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I don’t need to do this.'" But, she persevered despite his protestations. " she continues, "But, that's kind of what you want." Soon enough, he was pleading for a response.Texting is Vanessa's forte (she later wrote a book titled, For example, "Over a three-day weekend, I didn’t respond to 12 of his texts," Vanessa explains. "He'd be like, 'It would be really great to hear from you, just a simple hi.'" Still, she let him dangle, even when she sensed him getting upset: "He might get a little angry, but he didn't want to seem like a nutcase." In Vanessa's case, the method worked. "One of my clients had a guy threaten to break up with her when she wouldn't respond to his texts."It’s funny, because my now-husband knew what I was up to.He tried calling me out on it, saying, 'I don’t need to play these rules with you.S., and was soon reprinted in 18 different languages." relies on a very traditional sense of what love and courtship are," says writer, speaker, and technologist Samhita Mukhopadhyay.Vanessa puts a more flexible spin on Ellen and Sherrie's program.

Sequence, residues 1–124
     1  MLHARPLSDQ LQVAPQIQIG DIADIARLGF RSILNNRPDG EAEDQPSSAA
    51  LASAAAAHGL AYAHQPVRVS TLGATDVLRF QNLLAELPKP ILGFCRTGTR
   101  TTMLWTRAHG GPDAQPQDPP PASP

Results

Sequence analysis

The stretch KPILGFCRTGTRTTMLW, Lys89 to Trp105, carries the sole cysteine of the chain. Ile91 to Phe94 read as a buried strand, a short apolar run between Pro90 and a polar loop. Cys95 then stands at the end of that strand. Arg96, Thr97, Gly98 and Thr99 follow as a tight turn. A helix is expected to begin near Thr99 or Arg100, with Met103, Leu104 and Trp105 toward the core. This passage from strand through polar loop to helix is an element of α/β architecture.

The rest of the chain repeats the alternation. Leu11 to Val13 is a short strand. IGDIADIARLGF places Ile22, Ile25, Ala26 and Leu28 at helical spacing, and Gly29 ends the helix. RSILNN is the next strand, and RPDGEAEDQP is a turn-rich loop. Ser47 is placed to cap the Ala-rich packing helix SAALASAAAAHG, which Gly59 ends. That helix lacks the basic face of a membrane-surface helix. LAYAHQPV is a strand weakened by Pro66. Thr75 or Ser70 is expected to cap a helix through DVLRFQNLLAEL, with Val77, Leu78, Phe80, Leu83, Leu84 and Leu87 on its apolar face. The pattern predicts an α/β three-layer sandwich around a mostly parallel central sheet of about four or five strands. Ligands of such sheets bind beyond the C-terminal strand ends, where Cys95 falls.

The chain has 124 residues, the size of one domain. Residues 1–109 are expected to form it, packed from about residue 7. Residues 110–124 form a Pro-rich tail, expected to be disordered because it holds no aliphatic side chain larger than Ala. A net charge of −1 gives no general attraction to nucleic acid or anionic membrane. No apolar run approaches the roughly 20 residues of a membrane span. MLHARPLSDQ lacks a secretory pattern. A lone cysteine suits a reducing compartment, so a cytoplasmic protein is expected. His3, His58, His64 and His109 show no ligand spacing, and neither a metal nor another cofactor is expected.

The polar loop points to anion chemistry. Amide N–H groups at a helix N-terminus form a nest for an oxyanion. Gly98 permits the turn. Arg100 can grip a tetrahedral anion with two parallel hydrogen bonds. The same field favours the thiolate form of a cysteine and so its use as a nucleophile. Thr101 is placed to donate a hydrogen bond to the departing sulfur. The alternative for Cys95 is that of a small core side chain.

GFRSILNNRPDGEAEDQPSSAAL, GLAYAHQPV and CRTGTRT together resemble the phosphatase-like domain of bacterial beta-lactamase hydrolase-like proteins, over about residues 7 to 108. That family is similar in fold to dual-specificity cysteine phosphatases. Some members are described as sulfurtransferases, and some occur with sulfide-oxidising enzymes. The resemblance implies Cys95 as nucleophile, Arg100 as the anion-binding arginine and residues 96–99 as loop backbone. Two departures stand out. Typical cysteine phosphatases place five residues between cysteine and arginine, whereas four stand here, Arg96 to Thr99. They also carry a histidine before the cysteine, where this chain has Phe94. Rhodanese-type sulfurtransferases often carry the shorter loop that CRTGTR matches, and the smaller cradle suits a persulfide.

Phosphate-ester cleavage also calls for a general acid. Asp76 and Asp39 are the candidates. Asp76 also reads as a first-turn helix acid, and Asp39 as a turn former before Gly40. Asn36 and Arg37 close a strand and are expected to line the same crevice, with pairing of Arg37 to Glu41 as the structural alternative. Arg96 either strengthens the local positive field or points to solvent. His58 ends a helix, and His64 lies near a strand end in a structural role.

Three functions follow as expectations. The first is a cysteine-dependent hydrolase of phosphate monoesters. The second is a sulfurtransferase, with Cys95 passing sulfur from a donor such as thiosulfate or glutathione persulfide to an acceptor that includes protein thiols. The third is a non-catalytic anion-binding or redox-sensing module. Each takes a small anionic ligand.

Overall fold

" To them, is not about manipulation; it's about preventing women from making avoidable dating mistakes and getting hurt because of them. In their opinion, "feminism is about equal pay for equal work, owning a condo, or running a marathon," says Sherrie.She waits at least four dates to move beyond kissing, because when she does finally have sex with a guy, "there is no going back," Ellen and Sherrie remind her."You should continue to sleep with him if you have already.Perhaps all this calculated coquetting is anti-feminist and old-fashioned, but so is sitting at home and staring at the phone.The only trouble with is that whether you reply or not, you're still doing it for the guy.